Great Nebraska

Naturalists and Scientists

1920, May 17

John S. Marsh & Sons
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Guide Rock, Nebraska May 17th,1920. 19

Secretary of Neb, State Horticultural Society.
Dear Sir, Lincoln, Neb.
Enclosed plese find sample of weed of the lettuce order that seems to take the country also a narrow leaved plant that has appeared in my lawn. What are they? The narrow leaved dock is gaining great headway especially in hog pastures. Is there any law to compel the owners to cut these dock patches? I have noticed in the last week or ten days that the Baltimore Oriole or Yellow robins have returned & that they work on our cherry tree blossoms continuously hopping from spray to spray of blossoms & seem to peck or eat from each blossom. what is the condition?& are they doing any damage-I have lived at this place over 40 years & this is the first time I have observed these birds doing this thing. Refer you to Geo, A. Loveland of the Weather bureau; Let me hear from you .
Yours Truly
John S. Marsh

1920, May 25

May 28, 1920.

Mr. John S. Marsh,
Guide Rock, Nebraska.

Dear Sir:
Your letter of May 17, addressed to the Secretary of the Nebraska State Horticultural Society, has been referred by that gentleman to the College of Agriculture at the University Farm. Professor Faris of the Department of Botany has written you concerning that portion of your letter dealing with the identification of weeds, and has referred that portion pretaining to the habits of birds to me for reply.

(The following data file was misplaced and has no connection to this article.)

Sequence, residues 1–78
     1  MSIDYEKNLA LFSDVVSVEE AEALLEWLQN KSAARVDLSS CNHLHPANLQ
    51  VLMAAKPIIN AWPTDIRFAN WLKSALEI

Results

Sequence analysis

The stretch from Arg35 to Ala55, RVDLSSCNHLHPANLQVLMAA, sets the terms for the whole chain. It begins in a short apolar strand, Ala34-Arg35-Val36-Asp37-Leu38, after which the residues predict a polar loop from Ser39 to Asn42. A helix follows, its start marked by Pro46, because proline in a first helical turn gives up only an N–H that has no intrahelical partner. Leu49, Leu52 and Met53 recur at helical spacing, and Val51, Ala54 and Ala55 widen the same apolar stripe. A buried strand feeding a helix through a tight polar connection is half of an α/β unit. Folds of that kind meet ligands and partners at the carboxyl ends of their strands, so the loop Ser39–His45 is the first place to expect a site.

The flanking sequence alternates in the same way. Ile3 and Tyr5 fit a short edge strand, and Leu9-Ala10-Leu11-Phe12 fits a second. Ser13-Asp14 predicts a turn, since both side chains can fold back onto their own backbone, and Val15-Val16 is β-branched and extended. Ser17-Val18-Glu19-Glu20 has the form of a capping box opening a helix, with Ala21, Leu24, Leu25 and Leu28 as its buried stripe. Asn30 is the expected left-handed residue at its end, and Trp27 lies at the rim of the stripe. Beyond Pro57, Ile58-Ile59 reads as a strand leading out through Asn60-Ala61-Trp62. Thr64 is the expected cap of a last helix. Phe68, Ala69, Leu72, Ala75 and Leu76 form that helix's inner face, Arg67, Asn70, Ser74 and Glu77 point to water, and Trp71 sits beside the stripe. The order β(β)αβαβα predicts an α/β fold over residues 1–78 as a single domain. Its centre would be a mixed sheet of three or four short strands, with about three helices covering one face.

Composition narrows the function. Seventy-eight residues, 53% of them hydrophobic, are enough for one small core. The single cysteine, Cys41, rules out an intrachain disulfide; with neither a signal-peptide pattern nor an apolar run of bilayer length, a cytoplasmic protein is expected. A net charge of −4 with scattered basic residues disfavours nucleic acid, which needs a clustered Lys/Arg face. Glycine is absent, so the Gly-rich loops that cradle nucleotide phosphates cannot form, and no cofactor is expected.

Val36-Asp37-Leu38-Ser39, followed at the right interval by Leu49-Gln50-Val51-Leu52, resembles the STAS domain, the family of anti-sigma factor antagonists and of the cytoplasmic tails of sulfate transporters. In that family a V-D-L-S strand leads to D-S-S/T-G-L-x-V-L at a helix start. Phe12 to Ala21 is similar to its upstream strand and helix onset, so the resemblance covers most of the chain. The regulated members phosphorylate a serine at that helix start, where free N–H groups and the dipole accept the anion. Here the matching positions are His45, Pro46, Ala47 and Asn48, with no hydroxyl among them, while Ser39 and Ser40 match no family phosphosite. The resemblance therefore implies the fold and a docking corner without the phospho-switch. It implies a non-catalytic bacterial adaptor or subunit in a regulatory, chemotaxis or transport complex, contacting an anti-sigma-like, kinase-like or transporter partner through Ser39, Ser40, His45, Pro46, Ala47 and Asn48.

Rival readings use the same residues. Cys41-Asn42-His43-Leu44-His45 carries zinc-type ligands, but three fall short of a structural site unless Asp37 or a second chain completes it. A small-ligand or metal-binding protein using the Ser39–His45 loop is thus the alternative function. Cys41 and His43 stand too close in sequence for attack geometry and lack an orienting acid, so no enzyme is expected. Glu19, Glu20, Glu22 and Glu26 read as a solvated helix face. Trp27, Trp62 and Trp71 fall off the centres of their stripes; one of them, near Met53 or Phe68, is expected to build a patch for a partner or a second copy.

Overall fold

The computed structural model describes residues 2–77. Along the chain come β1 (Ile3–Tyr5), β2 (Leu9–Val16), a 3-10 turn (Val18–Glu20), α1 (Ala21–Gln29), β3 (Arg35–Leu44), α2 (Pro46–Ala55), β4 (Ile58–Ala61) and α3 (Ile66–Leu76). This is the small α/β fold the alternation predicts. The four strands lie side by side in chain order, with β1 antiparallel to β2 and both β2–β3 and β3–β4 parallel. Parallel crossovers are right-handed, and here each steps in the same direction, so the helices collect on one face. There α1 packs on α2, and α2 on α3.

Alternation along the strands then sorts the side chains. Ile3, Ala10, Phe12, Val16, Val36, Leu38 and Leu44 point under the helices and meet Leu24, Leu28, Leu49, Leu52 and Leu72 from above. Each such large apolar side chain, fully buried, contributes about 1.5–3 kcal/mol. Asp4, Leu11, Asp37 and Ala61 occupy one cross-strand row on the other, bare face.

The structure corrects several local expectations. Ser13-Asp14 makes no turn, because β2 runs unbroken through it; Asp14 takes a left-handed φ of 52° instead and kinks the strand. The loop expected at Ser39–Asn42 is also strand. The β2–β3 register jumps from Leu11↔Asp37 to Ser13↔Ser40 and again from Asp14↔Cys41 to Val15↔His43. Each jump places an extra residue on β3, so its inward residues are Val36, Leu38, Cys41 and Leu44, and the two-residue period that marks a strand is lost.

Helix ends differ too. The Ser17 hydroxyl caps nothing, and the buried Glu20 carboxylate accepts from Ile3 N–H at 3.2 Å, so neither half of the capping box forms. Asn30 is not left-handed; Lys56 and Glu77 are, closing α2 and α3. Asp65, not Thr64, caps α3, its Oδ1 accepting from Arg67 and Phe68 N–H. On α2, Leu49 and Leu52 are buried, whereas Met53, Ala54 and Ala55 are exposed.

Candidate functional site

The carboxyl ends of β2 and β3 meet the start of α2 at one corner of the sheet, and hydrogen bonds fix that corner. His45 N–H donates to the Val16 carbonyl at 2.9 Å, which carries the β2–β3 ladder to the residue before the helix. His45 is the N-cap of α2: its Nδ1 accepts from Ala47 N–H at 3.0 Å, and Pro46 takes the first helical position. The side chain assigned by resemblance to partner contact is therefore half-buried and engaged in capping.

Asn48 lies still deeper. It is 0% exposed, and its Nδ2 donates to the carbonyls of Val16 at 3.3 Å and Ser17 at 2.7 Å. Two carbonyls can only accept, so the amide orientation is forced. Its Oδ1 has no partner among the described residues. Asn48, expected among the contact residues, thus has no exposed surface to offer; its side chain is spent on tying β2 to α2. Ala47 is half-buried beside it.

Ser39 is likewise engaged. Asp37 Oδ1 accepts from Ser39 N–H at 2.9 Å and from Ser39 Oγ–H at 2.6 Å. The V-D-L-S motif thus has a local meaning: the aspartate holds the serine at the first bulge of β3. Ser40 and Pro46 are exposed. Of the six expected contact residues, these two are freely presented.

I note your statement that you have noticed during the last week or ten days that the Baltimore Orioles are frequenting your blossoming cherry trees, where they continuously hop from spray to spray of blossoms, and seem to peck or eat from each blossom. You state that this is the first time you have observed the birds doing this though you have lived on your present place for over forty years. I must say that this habit is not general with the Baltimore Oriole but has been repeatedly observed by others. Their decision is that the birds are sucking the nectar from the fruit blossoms, as would a bee, and that they do little if any damage to the blossoms. However, I should not be surprised if a small percentage of the blossoms are damaged, but in that case I feel that the bird may be excused in view of its otherwise good record. About 83 percent of this bird’s food is insects, mostly caterpillars, snapping beetles and May beetles ( which are the parents of wireworms and white-grubs) cucumber beetles, snout beetles, plant bugs, scale insects, plant lice etc., making it a very useful species.
Yours very truly,
State Entomologist.